The most intriguing paper of this week was Mechanics of Self-Reproduction by British mathematician Lionel Penrose in 1957.
Using the definition that a machine is "an apparatus using or applying mechanical power and having several parts, each with a definite function and together performing a particular task," the paper defines the first successful construction of an artificial self-reproducing object. Essentially, a straight track that confines two types of solid objects (object A or B) is agitated horizontally to induce a link between two dissimilar objects, either an AB complex, or a BA complex. The image can be seen here:
In the figure above, we see that parts A and B can link to form two complexes. In the example above, the BA complex is formed. If a BA complex is formed in the track (or assembled and placed into the track), further BA complexes form. Similarly, if an AB complex is formed, further AB complexes will form.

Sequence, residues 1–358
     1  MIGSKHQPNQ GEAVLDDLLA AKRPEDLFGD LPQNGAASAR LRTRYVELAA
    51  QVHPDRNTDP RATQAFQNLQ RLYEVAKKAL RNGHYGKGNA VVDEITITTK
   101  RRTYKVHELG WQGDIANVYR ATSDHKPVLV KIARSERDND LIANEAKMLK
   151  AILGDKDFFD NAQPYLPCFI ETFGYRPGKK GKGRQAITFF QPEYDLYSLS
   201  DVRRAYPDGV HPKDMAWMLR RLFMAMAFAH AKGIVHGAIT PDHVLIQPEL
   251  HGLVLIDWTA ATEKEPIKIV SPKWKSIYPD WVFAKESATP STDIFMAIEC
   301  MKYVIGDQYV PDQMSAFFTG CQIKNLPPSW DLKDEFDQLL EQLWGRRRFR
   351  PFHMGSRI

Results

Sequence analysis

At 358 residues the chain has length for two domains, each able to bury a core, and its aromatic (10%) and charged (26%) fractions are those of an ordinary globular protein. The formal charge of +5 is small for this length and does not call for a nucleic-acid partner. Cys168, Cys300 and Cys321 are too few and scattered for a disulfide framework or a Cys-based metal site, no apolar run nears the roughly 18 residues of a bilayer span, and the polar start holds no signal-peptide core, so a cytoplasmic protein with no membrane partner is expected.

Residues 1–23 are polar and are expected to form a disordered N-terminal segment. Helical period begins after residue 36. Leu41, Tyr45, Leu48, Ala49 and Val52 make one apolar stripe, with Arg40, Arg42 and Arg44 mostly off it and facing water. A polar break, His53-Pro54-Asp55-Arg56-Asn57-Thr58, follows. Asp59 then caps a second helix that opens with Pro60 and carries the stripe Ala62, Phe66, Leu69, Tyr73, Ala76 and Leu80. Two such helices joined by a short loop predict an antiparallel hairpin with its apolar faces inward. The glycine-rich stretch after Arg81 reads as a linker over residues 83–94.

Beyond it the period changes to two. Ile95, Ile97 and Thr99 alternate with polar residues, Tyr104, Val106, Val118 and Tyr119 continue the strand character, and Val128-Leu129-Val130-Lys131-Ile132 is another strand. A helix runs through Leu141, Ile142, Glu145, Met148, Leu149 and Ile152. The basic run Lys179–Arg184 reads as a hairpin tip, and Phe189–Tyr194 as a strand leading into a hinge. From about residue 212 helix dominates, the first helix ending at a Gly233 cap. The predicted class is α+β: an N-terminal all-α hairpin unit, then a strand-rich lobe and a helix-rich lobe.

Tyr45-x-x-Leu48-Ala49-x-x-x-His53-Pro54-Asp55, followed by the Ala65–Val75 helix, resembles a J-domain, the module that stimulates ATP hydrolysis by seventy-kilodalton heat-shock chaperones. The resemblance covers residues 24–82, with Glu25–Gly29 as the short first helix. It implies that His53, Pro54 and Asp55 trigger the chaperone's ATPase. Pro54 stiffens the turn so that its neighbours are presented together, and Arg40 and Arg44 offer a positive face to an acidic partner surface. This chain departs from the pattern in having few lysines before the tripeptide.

The fascinating part is that the agitations will only form duplicates of the first complex introduced into the rack. Thus the system itself is self-replicating. It does this by "activating," or tilting, the pieces to expose the appropriate binding site. Although intriguing, the system above is limited since only two types of complexes can be replicated (AB, BA). If we use the Penrose's Five Principles, we can extend this system further.
From these principles, we can derive complexes with more states and dimensions.
So what I did was model the mechanism of a 2 block 1D penrose self-replicating machine. I used SolidWorks to create A (green) and B (red) parts and a track for them to lie in. In my assembly, I mated the pieces so they wouldn't "fall off" the track. I then moved each component using "Move Component" and selecting the "Physical Dynamics" radio button. This incorporated collision detection and allowed the walls of the track to restrict the motion of each piece.
This initial condition assumes an alternating patters of A and B pieces. As I move one piece left and right, I form a complex. As I move that complex further, I form duplicates of the original complex formed.
Even if there is a piece out of order in between two complexes, the piece is activated with it's non-binding side, furthering the KE of the first complex, and still activating the appropriate piece to create a duplicate.
In this last example, I show that, although I was able to form an BA complex, the further propagation of the pieces did not form any replicates because there was no A to the right of a B piece.